Beyond the Buzzword, Part 2: How Can Critical Race Theory Further Your Nonprofit’s Equity and Inclusion Work?

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By YW Boston

Last month we spoke with Dr. Sarah Faude, YW Boston’s Director of Research and Evaluation, about Critical Race Theory (CRT) and why it is misunderstood. This month, we continue our conversation and discover how CRT can support your nonprofit’s diversity, equity, and inclusion goals.

How can understanding Critical Race Theory support DEI initiatives?

Critical Race Theory pushes us to ask “why” when looking at outcomes, norms, and institutional practices. YW Boston draws from several different theories, including CRT, to focus on root cause analyses. It pushes us to ask, “in what ways are things unequal?” and “how do we change it?”

Organizations talk about how it is frustrating that their staff isn’t diverse. They feel that the problem is too big. Where CRT can be helpful is slowing down to think about what are all the different policies and practices you do control. For instance, focus on policies in your handbook, who you reach out to with a job posting, how you expect employees to “show up” at work. These may not always impact who applies to your job but will impact whether people stay. Too often we see that the issue isn’t getting people of color in the door or even to the interviewing stage, but it’s getting people of color to stay once hired. Once you’ve narrowed the scope of the problem to things within your organization, you have a lot to work with.

How are you using Critical Race Theory in your work as Director of Research and Evaluation?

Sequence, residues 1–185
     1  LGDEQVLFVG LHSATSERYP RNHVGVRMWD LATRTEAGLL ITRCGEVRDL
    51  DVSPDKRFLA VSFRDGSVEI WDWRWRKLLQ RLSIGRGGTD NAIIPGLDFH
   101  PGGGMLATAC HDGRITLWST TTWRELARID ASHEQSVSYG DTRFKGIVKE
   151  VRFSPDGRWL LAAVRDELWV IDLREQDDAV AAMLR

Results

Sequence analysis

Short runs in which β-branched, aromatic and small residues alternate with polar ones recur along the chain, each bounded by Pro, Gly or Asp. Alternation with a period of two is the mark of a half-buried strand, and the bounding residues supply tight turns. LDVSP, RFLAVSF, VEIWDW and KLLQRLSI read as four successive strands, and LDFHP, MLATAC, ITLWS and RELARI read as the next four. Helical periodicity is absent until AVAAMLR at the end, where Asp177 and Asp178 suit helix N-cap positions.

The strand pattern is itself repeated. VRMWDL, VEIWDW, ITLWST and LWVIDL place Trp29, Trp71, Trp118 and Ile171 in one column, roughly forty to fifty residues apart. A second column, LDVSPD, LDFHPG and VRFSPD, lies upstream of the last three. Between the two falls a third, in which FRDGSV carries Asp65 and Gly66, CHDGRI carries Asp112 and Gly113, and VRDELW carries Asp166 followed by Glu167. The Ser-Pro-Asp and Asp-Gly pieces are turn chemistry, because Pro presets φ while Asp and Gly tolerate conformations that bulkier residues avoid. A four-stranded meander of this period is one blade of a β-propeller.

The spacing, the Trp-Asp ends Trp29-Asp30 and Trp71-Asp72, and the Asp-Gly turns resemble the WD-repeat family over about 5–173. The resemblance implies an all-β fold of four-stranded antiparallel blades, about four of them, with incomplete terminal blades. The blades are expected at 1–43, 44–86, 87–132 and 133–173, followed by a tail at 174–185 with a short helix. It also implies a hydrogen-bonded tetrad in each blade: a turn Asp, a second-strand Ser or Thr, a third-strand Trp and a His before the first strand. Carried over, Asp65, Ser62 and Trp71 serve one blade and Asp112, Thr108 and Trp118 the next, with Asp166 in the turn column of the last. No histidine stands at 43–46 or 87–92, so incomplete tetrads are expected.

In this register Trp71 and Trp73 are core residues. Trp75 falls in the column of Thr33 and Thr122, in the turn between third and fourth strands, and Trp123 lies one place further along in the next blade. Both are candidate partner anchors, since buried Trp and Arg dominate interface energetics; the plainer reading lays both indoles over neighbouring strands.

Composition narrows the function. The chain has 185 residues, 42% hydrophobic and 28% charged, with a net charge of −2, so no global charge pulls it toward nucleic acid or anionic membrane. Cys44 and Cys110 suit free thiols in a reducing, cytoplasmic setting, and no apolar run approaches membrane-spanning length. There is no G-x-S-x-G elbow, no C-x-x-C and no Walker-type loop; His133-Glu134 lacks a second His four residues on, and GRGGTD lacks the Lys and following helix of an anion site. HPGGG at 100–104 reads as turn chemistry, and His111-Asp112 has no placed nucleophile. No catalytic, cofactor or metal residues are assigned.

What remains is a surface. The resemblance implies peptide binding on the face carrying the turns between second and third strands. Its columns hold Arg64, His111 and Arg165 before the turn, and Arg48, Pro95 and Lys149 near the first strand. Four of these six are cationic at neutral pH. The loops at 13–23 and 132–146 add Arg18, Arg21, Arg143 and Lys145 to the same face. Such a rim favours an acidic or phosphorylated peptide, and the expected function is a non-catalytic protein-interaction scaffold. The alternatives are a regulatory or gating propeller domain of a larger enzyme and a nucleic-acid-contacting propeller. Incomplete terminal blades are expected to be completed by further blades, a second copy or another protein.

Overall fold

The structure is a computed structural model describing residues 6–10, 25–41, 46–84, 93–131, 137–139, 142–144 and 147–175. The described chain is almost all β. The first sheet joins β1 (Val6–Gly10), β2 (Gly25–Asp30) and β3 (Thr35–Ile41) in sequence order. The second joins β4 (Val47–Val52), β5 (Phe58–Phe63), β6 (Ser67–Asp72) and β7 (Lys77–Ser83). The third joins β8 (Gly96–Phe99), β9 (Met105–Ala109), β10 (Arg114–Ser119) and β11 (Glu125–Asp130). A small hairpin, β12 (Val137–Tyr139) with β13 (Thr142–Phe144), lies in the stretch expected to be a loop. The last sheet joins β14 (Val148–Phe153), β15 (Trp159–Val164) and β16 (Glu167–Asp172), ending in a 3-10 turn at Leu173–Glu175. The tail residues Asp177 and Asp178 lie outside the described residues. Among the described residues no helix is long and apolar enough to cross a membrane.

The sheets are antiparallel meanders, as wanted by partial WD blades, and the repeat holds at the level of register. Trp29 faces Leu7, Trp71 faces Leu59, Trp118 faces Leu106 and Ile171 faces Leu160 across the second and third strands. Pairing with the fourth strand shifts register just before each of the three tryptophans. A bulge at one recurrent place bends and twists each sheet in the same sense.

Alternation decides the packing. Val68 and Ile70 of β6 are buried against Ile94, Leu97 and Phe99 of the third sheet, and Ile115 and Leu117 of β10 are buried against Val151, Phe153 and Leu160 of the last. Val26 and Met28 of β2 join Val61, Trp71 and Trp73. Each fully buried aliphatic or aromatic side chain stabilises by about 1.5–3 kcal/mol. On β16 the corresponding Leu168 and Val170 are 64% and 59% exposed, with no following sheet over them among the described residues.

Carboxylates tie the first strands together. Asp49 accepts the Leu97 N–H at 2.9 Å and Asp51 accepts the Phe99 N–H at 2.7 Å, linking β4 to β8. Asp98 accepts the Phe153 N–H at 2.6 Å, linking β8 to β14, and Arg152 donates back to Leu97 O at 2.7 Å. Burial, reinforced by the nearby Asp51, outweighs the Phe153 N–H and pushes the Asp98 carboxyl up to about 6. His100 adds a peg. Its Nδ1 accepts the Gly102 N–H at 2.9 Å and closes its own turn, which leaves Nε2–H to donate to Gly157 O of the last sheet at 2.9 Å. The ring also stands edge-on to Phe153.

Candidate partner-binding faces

Connecting Critical Race Theory to evaluation creates more room in the conversation. When we decenter Whiteness, it is not to disregard Whiteness, but to make room for more at the center. When we’re working with partners, we are disproportionately working with White people. Anytime you average the experience of everyone in the room, you’re looking at a whitewashed average because there are more White people in your sample.

One of the things I’m working towards is to start pulling out subsets that are specifically the experiences of women, people of color, and more specifically women of color. So, we listen to both the average, and we pull out value and amplify that subgroup in the spirit of CRT’s counternarratives. Their experiences need to be elevated to help complicate what we think may or may not be happening within organizations.

What is the role of “complicating” in organizational change?

I think that by asking complicated questions, you’re going into the weeds. That complexity is always opportunity. It helps us see all the different opportunities that we have before us we might have missed. Like asking, “How do we fix our culture at our organization?” Well, let’s take that big thing and start breaking it down into its component parts by who works there, the documents, the practices. If we can both have the big picture goal in mind and be in those weeds, we have an opportunity to innovate and work towards inclusion.

About YW Boston

As the first YWCA in the nation, YW Boston has been at the forefront of advancing equity for over 150 years. Through our DE&I ServicesInclusionBoston and LeadBoston—as well as our advocacy work and youth programming, we help individuals and organizations change policies, practices, attitudes, and behaviors with a goal of creating more inclusive environments where women, people of color, and especially women of color can succeed.

As part of that work, we are helping organizations prioritize Diversity, Equity & Inclusion and become socially connected while staying physically distant. During this time, YW Boston is providing organizations with digital workshops and resources to help them better understand the challenges faced by their employees. For more information, please contact Sheera Bornstein at sheera@ywboston.org.